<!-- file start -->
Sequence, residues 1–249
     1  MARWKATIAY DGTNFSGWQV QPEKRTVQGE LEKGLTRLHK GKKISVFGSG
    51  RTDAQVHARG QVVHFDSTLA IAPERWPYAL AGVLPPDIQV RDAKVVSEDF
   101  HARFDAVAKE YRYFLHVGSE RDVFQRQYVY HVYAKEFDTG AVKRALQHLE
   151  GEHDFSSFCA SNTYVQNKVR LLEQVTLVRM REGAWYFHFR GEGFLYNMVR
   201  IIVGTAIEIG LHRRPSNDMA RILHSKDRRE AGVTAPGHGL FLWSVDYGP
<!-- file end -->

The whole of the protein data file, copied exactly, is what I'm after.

Sequence, residues 1–249
     1  MARWKATIAY DGTNFSGWQV QPEKRTVQGE LEKGLTRLHK GKKISVFGSG
    51  RTDAQVHARG QVVHFDSTLA IAPERWPYAL AGVLPPDIQV RDAKVVSEDF
   101  HARFDAVAKE YRYFLHVGSE RDVFQRQYVY HVYAKEFDTG AVKRALQHLE
   151  GEHDFSSFCA SNTYVQNKVR LLEQVTLVRM REGAWYFHFR GEGFLYNMVR
   201  IIVGTAIEIG LHRRPSNDMA RILHSKDRRE AGVTAPGHGL FLWSVDYGP